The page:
Operation Neptune is in full flow as Allied troops storm the beaches of Normandy. Overhead, the US are flying in air support. One misfit team, led by a grizzled commander (Wyatt Russell), is tasked with destroying a radio transmitter located at a fortified church behind enemy lines. When their plane is shot down, the bruised and battered troops scramble to the church only to discover that, beneath its foundations, the Reich has been busily amassing an unholy army of undead mutants.
On paper ‘Overlord’ sounds like a run-of-the-mill B-movie. In reality, it has much more going for it, most significantly the talented young cast – including British actor Jovan Adepo as the captivating lead. Admittedly, the characters are thinly-written cliches – the brooding man-of-few-words commander, the wise-cracking crack shot, and the heart-of-gold newbie. But these simple archetypes are forgivable, especially in the case of the gloriously-over-the-top-jack-booted antagonist, played by ‘Game of Thrones’ actor Pilou Asbæk. Meanwhile, Mathilde Ollivier impresses as a tough-as-nails villager who would be a worthy addition to the French Resistance.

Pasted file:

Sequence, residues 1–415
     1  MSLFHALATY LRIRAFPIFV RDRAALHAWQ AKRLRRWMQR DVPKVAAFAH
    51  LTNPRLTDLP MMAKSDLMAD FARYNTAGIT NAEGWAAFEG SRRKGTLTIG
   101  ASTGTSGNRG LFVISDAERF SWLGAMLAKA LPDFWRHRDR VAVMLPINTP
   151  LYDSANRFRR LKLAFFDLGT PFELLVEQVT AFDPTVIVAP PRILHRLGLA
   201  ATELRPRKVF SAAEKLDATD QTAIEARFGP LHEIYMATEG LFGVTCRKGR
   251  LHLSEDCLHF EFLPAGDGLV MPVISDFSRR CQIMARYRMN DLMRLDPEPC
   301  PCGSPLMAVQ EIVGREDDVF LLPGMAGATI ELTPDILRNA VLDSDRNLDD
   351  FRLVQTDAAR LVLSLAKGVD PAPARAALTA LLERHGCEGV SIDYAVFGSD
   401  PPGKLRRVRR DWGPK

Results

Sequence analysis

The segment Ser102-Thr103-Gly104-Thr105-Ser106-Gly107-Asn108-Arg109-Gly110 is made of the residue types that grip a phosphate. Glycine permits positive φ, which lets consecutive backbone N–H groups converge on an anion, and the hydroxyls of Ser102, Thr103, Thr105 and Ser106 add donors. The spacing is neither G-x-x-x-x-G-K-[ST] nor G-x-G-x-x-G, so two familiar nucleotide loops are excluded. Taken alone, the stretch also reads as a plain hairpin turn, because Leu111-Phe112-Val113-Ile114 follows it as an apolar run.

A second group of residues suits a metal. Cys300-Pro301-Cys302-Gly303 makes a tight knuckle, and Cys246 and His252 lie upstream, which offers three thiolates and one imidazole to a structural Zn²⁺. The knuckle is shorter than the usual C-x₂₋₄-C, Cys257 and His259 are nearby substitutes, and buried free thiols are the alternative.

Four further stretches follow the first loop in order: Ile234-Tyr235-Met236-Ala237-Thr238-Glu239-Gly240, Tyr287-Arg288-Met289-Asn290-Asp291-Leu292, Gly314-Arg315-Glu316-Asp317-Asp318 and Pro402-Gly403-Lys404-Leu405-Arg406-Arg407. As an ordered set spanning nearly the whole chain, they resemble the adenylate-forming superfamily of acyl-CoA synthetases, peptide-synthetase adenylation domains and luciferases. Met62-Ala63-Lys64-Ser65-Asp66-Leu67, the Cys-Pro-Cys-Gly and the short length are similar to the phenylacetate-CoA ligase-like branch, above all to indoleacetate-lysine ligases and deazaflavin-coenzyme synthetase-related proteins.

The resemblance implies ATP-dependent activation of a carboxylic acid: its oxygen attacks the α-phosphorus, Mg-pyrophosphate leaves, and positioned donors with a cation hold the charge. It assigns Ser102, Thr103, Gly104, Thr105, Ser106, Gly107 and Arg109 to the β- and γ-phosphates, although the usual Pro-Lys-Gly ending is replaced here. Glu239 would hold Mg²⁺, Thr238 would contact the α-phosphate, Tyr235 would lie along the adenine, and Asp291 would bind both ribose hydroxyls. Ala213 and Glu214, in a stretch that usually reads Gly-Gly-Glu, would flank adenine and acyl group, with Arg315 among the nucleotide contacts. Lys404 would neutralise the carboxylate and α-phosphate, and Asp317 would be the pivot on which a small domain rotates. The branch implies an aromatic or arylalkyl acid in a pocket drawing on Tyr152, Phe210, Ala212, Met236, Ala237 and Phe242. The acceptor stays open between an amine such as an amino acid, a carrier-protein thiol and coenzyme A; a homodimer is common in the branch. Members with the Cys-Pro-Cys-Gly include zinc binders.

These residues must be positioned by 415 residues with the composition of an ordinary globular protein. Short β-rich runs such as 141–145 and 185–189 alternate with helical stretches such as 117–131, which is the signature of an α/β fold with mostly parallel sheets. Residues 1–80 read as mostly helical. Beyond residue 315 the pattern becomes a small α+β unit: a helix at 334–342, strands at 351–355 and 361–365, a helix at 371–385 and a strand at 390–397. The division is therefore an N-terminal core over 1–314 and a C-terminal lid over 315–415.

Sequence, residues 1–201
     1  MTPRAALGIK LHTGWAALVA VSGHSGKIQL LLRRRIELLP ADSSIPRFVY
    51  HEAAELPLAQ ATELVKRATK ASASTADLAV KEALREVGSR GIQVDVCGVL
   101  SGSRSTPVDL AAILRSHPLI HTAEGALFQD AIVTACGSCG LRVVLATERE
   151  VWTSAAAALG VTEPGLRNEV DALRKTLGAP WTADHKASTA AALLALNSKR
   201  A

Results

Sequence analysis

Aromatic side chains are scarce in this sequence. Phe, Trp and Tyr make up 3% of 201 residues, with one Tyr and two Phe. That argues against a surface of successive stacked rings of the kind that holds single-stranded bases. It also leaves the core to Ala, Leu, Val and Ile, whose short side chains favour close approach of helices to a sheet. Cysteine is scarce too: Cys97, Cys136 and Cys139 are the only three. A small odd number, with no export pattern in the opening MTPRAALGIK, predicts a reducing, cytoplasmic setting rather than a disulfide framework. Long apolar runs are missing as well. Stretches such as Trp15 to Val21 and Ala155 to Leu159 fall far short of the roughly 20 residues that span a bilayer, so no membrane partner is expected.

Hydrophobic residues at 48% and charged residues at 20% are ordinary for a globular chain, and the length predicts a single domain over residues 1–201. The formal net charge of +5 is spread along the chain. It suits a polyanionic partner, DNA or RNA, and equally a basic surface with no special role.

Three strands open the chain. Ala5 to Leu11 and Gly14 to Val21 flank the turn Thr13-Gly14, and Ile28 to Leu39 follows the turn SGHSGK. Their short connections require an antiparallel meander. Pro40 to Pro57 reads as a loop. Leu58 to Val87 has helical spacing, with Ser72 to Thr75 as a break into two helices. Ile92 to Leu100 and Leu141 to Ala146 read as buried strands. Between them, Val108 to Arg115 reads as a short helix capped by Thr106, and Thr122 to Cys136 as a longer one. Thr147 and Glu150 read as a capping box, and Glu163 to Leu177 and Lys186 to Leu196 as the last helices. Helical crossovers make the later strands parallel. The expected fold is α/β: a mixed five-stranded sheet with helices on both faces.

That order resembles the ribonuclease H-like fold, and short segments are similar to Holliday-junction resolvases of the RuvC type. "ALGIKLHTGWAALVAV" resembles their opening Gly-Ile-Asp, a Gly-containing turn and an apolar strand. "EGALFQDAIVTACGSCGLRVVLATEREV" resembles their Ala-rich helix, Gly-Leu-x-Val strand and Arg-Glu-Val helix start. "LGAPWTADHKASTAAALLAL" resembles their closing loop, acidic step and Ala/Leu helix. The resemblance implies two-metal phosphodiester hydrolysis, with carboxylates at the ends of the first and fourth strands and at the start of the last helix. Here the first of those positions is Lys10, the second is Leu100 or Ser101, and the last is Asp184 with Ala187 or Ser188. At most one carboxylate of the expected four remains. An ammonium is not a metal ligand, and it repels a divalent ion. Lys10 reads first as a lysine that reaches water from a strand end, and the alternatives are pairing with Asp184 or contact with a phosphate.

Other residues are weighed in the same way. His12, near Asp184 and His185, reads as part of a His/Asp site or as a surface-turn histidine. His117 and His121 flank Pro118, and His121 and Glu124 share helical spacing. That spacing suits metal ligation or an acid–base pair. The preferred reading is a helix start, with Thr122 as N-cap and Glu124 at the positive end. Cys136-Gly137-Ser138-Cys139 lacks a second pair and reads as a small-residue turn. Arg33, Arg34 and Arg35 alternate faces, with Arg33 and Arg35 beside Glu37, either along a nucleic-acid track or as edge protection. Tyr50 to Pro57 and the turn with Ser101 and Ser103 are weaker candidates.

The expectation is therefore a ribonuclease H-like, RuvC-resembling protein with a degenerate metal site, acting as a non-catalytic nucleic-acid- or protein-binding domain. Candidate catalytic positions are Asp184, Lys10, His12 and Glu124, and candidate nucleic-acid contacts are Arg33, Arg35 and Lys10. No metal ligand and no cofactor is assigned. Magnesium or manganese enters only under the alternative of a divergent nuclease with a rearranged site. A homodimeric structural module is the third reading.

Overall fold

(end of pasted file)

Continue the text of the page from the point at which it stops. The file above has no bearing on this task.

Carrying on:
The story is also much more artful than the premise suggests, playing with the concept of monstrosity and asking what separates good from bad in times of war. And how far are each side willing to go? Or rather, who are the real monsters here?
Be prepared for blood, guts and gore. The violence, both in the high-octane opening scenes and the more monstrous body horror, is squirm-inducing at points, all bolstered by Jed Kurzel’s thundering score. Don’t be fooled by its B-movie credentials. Amidst the carnage, ‘Overlord’ has more to say than you might think.